According to the present invention, the semiconductor material can be any semiconducting material. The material out of which semiconductor elements are most commonly formed, especially in the solar-electric art, is silicon. However, those of skill in the art will readily appreciate that the present invention is applicable to other semiconductor materials, e.g., germanium, etc.

The preferred semiconductor material for use in accordance with the present invention is silicon. Where the expression “semiconductor” is used, therefore, silicon is typically the material which is employed and which should be contemplated. However, as noted above, the present invention is applicable to other semiconductor materials, e.g., germanium, etc. Where the specification refers to silicon (or silicon compounds), those of skill in the art can readily appreciate situations where other semiconductor materials (or compounds) function in a way similar to the way silicon (or silicon compounds) function.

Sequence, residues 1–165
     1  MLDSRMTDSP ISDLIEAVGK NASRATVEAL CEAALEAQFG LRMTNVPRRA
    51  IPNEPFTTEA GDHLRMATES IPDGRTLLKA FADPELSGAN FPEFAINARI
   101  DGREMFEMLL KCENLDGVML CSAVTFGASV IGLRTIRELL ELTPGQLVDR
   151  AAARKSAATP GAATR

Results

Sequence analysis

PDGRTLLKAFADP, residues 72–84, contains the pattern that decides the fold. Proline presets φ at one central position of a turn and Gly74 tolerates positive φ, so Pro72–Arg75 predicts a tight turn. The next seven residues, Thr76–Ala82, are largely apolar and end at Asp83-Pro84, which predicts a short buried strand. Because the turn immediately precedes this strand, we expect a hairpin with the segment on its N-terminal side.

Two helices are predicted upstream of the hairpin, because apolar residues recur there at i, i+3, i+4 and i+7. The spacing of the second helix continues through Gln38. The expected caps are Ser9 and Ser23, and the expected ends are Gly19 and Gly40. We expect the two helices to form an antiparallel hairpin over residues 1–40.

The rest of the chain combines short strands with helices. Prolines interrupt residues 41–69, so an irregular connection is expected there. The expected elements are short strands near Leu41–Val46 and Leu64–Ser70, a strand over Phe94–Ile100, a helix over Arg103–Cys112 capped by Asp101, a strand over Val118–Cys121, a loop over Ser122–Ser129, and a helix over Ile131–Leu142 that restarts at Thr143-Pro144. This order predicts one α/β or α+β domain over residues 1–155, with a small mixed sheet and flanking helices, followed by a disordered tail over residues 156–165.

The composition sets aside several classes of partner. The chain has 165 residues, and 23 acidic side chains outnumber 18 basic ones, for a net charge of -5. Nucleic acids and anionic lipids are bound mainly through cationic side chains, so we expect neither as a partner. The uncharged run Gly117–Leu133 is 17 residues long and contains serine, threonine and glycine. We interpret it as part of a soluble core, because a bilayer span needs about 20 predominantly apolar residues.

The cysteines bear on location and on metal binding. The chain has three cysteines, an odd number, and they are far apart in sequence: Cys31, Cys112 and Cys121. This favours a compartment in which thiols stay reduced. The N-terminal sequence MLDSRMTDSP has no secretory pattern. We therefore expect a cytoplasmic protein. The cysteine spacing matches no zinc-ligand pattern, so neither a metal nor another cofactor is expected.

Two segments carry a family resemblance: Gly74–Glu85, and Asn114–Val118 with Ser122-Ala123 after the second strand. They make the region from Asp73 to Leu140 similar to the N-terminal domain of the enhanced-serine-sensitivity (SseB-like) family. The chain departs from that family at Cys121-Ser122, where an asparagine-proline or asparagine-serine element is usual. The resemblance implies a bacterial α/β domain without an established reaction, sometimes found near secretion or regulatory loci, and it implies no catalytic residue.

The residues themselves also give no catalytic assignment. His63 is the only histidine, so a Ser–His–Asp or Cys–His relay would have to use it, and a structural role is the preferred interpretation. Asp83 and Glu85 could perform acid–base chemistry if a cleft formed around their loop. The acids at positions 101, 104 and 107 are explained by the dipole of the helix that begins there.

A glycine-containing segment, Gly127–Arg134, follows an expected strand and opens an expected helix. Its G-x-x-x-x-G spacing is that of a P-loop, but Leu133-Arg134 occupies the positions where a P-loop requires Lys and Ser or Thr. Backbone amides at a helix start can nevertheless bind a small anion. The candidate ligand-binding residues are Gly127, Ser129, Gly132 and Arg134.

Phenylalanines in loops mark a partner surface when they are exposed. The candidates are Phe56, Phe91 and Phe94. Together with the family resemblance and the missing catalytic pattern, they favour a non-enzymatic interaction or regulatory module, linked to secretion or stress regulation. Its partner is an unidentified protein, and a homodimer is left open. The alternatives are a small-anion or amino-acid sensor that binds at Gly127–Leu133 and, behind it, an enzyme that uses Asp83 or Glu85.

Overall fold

In accordance with the present invention, the structure referred to above comprises at least one zone of reduced oxygen concentration, i.e., a zone having an interstitial oxygen concentration of not greater than 3×1017 oxygen atoms/cm3.

In accordance with one aspect of the present invention, the zone of reduced oxygen concentration includes the first major surface and all points in the structure which are within 75 microns of the first major surface.

In accordance with a further aspect of the present invention, the zone of reduced oxygen concentration includes the first major surface and all points in the structure which are within 100 microns of the first major surface.

In accordance with a further aspect of the present invention, the zone of reduced oxygen concentration includes the first major surface and all points in the structure which are within 125 microns of the first major surface.